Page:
The election and the teals: the new social liberalism in a knowledge society

Though the mainstream media is desperate to deny it, the 2022 election has registered a transformation in Australian life. The victory of a ‘teal’ network of eight independent liberal candidates, oriented around climate change and electoral integrity, not only changed the composition of the House of Representatives in its content, but also in form—as the teals are a non-party entity working together but separately and entering parliament en masse. This is not only a new development in Australia, but in the anglosphere Westminster system, and it should not be underestimated or misunderstood.

It represents the moment at which the political and organisational forms of industrial society, hopelessly outdated, have received a jolt from the organisational forms of a knowledge- and culture-dominated society, which is oriented to the network model of increasingly autonomous individuals. Co-operation between such people cannot be achieved by creating yet another party, with its immediate establishment of a rigid structure, a hierarchy, pseudo-rank-and-file and the like.

In the industrial era, labour parties formed in the image of trade unions, which were in turn the image of the factories from which they sprang. But for the new intellectually-trained groups, arguably a knowledge class, party-like structures have, over past decades, become less and less tolerable as something to sign up to, until they have become largely impossible for many. This is one reason why the Liberal Party never gained many of the ‘teal’ candidates and supporters who might once have entered it and taken it back to the centre. Just as the climate crisis called to their conscience, so it was their very conscience that could not permit them to enter a disciplined party form — including the Greens.

Such a conscience—the psychologically independent moral agent, of a reflexive, autonomous subject—can, however, be called to a participatory network. Indeed, such participation, at some point, becomes an imperative, which the conscience must respond to. This is one reason why the numbers of volunteers for these campaigns started to cascade, as new people were ‘called out’ by being spoken to as a contemporary individual, whose collectivity was experienced, day-to-day, in more abstract and networked forms.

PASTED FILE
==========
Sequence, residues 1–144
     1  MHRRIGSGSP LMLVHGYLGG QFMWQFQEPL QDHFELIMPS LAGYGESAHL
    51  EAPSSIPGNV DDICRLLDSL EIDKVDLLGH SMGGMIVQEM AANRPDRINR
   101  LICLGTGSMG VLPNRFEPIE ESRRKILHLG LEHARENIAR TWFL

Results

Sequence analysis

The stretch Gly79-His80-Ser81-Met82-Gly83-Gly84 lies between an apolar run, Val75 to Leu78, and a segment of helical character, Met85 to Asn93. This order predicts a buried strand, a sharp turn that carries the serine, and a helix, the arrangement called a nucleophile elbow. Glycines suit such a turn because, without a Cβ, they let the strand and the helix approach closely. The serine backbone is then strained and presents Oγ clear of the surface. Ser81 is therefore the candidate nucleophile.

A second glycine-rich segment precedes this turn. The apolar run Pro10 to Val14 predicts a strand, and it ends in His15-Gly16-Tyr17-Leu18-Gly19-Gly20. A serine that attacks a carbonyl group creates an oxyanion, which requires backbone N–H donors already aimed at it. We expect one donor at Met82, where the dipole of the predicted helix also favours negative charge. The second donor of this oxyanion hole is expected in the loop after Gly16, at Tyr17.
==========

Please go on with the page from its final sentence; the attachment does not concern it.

Some have sought to underplay the political ramifications of this, both the Left and in the political mainstream. The Left has pointed to the teals economic centrism, or centre-rightism—with regard to school funding or the housing crisis, for example—as evidence that this is little victory. There is certainly a question as to how the teals will approach the nexus between planetary damage and the broader capitalist-industrial global system, beyond the particular issues of coal and gas industries. If they cannot develop to a broader critique—even at the price of confronting their own supporter—they will fail on their own terms. Those who have a deeper conception of what needs to change in the world for it to survive, and humanity to flourish, at least now have a partner in dialogue.

But there is no guarantee that dialogue will occur. What the teals represent, in the particular Australian context, is the return of a form of social liberalism that had been a major force within the country’s history, first in the form of the protectionist movement and party, and then later as wrapped up into the Liberal Party with its foundation in 1944.

In the 1980s, John Howard and his right cohorts within the party went to war against the party’s pluralist liberal character. They won, imposing a Thatcherite fusion of neoliberal economics and enforced social conservatism on the party and the nation, which held until two weeks ago (albeit with the very limited dissent of the 2007-2013 interregnum). That Thatcherite model drove the remnant social liberals from the party, and they have, until now, been without a home.

They have now built one, outside the Liberal Party, which is now a decimated force compared to the postwar party that determined the shape of our national development. It seems certain that the movement will continue to contest other Liberal seats, and to move further into the suburbs.

Their extraordinary victory of the teals raises the question as to where else might the networked-autonomous model work? What social zones exist within different settings of the individual and the collective, the abstract and the concrete? Moreover, what other methods might be useful in contesting a major party duopoly which, it must be emphasised, is a unity ticket of inadequacy in addressing the radical changes we must start to make in the way we live now.

As Politics Narrows, Divisions Deepen: A Note of the Election and the Left

Richard King, 5 May 2022

Should Labor come to power on 21 May, the Left will have to think carefully about the terms in which it frames its opposition to what is sure to be a disappointing government.

About the author

Guy Rundle

Guy Rundle was founding co-editor of Arena Magazine and is Associate Editor of Arena (third series). He is a well-known essayist and is writer-at-large for Crikey. His most recent book Practice: Journalism, Essays and Criticism was published by Black Inc. in 2019.

More articles by Guy Rundle

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